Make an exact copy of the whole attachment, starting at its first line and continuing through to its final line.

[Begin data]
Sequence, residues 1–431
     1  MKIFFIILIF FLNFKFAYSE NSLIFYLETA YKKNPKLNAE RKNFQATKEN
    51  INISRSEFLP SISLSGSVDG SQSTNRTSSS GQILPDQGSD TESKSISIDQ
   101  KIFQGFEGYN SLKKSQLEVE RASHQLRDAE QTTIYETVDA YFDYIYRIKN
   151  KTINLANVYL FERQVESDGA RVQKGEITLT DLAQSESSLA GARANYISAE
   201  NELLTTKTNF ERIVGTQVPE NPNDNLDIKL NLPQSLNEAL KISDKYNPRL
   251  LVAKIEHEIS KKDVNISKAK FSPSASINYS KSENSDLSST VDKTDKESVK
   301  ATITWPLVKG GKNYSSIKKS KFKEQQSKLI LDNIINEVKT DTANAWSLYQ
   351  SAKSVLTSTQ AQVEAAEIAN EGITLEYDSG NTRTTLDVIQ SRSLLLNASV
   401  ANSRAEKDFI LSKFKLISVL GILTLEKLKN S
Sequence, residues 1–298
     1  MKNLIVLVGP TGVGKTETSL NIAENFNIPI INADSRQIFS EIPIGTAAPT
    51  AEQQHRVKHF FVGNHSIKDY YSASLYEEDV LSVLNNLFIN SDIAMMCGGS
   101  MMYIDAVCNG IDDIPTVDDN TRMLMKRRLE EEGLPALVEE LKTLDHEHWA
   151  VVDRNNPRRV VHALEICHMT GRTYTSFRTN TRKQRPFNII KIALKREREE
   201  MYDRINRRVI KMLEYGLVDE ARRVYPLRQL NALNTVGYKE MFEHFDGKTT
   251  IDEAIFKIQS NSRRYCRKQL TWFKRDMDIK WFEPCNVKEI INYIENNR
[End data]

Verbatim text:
Sequence, residues 1–431
     1  MKIFFIILIF FLNFKFAYSE NSLIFYLETA YKKNPKLNAE RKNFQATKEN
    51  INISRSEFLP SISLSGSVDG SQSTNRTSSS GQILPDQGSD TESKSISIDQ
   101  KIFQGFEGYN SLKKSQLEVE RASHQLRDAE QTTIYETVDA YFDYIYRIKN
   151  KTINLANVYL FERQVESDGA RVQKGEITLT DLAQSESSLA GARANYISAE
   201  NELLTTKTNF ERIVGTQVPE NPNDNLDIKL NLPQSLNEAL KISDKYNPRL
   251  LVAKIEHEIS KKDVNISKAK FSPSASINYS KSENSDLSST VDKTDKESVK
   301  ATITWPLVKG GKNYSSIKKS KFKEQQSKLI LDNIINEVKT DTANAWSLYQ
   351  SAKSVLTSTQ AQVEAAEIAN EGITLEYDSG NTRTTLDVIQ SRSLLLNASV
   401  ANSRAEKDFI LSKFKLISVL GILTLEKLKN S
Sequence, residues 1–298
     1  MKNLIVLVGP TGVGKTETSL NIAENFNIPI INADSRQIFS EIPIGTAAPT
    51  AEQQHRVKHF FVGNHSIKDY YSASLYEEDV LSVLNNLFIN SDIAMMCGGS
   101  MMYIDAVCNG IDDIPTVDDN TRMLMKRRLE EEGLPALVEE LKTLDHEHWA
   151  VVDRNNPRRV VHALEICHMT GRTYTSFRTN TRKQRPFNII KIALKREREE
   201  MYDRINRRVI KMLEYGLVDE ARRVYPLRQL NALNTVGYKE MFEHFDGKTT
   251  IDEAIFKIQS NSRRYCRKQL TWFKRDMDIK WFEPCNVKEI INYIENNR